The redesigned course at Mooresville Golf Club in North Carolina has reopened for play following a project led by golf course architect Kris Spence and his design associate Jim Harbin.
The original nine holes at Mooresville Golf Club were designed by Donald Ross – one of his final projects before his death in 1948. A back nine was added in the early 1970s, designed by J Porter Gibson.
Spence has vast experience of working with original Donald Ross designs, but at Mooresville Golf Club, he wasn’t able to restore the course as he’d have liked.
“My initial approach was to try and restore the old Ross nine as closely as possible and bring a Ross motif to the back nine,” said Spence. “However, due to financial restraints, safety issues, road expansion needs and limited hole separation where Ross had to route around an old industrial pond, it soon became apparent saving the old Ross nine was not possible.”
Due to this Spence’s plan called for the development of a new front nine, with the removal of the 16-acre pond allowing for holes to routed across and through this newly available area. Some holes would be moved away from a busy intersection and road, and there would also be greater hole separation throughout the front nine.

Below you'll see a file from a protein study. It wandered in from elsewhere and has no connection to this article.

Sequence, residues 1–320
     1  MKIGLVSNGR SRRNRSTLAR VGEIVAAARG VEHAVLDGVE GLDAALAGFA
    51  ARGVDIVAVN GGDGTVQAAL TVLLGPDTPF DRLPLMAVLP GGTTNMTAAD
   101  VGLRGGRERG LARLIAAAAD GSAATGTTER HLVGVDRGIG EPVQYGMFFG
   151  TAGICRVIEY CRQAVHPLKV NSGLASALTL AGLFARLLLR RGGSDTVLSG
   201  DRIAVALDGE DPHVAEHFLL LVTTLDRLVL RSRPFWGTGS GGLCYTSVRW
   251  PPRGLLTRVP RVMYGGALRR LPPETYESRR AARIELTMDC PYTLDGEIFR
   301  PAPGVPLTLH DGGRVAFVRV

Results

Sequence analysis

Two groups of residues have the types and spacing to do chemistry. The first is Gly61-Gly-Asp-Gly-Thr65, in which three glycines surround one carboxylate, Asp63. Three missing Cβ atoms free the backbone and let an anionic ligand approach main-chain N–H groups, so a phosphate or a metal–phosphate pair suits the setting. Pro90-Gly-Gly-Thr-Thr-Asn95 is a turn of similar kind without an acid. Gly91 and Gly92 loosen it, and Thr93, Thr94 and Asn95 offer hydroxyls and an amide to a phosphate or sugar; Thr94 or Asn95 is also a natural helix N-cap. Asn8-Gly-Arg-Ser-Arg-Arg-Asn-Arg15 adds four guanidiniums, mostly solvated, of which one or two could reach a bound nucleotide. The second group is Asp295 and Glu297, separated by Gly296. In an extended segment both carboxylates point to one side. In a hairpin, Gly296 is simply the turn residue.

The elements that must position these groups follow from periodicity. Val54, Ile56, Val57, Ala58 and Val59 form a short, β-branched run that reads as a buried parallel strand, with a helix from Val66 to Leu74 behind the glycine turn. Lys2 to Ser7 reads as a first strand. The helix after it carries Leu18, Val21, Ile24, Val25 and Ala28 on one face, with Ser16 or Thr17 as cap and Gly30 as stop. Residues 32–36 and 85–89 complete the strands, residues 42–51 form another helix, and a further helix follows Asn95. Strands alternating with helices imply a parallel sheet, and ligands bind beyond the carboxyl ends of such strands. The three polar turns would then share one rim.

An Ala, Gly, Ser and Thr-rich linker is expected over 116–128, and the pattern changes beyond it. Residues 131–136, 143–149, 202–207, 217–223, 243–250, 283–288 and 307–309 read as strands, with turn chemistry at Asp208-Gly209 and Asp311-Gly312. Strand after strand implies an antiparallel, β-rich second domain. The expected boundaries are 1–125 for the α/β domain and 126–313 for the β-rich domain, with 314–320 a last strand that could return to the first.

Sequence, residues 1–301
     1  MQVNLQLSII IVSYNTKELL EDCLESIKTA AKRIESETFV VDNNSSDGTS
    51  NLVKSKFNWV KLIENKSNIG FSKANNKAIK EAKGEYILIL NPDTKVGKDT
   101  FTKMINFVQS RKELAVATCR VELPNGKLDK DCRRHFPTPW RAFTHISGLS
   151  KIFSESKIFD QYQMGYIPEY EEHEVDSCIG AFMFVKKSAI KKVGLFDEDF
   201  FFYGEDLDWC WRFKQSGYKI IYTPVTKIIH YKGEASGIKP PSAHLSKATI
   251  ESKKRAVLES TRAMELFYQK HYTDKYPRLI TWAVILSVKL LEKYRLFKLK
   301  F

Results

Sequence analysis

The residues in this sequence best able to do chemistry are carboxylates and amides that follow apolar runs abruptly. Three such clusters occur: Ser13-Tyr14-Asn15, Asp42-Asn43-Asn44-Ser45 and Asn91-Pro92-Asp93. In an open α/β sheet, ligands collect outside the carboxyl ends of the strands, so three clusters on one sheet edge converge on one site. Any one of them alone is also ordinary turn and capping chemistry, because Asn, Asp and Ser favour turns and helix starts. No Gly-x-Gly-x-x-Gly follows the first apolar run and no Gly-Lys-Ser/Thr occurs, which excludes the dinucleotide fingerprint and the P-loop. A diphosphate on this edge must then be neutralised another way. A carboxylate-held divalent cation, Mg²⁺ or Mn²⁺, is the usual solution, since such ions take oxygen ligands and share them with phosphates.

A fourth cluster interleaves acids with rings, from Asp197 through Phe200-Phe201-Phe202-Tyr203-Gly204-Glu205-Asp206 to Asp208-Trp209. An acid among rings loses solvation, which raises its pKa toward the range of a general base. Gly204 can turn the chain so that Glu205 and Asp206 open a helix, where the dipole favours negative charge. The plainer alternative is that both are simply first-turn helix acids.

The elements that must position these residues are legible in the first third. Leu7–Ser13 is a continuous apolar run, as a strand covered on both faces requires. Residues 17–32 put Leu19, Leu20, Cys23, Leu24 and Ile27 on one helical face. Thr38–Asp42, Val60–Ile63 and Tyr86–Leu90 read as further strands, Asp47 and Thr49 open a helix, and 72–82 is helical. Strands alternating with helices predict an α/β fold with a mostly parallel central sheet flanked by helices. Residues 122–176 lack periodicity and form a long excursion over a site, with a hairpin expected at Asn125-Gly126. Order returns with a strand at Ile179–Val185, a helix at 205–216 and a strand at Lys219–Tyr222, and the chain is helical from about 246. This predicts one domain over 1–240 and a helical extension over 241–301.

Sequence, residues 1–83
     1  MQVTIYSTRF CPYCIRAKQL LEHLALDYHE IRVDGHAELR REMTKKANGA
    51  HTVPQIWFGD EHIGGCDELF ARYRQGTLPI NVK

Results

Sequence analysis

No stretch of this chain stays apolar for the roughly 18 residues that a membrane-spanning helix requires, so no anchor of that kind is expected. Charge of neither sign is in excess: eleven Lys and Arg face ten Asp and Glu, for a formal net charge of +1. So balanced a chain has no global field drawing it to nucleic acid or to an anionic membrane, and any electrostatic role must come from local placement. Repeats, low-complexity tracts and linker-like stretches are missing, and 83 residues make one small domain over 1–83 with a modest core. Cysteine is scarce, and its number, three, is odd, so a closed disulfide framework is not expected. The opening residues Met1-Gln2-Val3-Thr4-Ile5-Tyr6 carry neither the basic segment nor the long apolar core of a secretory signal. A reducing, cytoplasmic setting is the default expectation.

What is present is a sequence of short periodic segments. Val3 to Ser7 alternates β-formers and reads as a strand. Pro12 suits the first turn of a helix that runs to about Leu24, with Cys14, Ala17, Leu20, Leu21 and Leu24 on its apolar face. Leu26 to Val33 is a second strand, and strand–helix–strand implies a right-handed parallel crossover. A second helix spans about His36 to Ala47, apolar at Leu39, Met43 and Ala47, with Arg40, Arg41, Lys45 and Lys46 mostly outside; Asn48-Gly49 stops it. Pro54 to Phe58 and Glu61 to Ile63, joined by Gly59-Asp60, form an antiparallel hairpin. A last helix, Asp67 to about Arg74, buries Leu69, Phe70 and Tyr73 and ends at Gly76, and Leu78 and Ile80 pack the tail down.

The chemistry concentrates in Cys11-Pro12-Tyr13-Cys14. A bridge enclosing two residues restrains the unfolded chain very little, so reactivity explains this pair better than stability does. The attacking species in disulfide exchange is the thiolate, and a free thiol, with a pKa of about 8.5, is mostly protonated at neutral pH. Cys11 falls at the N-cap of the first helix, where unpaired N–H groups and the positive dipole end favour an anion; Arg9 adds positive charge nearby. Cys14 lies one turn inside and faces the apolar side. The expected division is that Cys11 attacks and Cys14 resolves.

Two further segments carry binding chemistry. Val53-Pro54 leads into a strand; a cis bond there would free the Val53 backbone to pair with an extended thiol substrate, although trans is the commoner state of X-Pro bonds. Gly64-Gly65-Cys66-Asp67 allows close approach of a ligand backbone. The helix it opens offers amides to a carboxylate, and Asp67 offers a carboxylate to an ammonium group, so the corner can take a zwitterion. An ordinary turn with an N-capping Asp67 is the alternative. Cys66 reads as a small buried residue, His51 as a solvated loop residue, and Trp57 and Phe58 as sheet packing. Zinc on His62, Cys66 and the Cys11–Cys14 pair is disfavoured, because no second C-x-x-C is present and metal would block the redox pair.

“The old site had too many restrictions and safety issues for restoration to work,” said Spence. “While the solution we came up with did not preserve Ross’ old holes, it required me to take off the restoration cap and design new holes as I felt Ross would based on my years of working with and studying his courses.”
Construction commenced in January 2015, with grassing taking place before the autumn. Turf establishment began in the spring of 2016 and continued over the summer ahead of the course’s reopening.
The reworked holes feature raised and low profile greens, depressed grass faced bunkers and follow the lay of the land – all features of Donald Ross’s work. The course’s greens use TifEagle ultradwarf, while the tees feature Zorro Zoysia. The fairways and roughs use 419 bermudagrass, and there is approximately 20 acres of natural fescue low mow area throughout the course.
The project also added 10.5 acres of practice area with defined target greens, short game area and expanded putting green.
“I wanted to create something truly special for the municipal player so they could enjoy the brilliance of Mr Ross design philosophies and his vision for golf,” said Spence. “I think the local players are going to be extremely surprised when they return to discover they have a brand new ‘old school’ course with the look and feel that Ross is prominently known for.”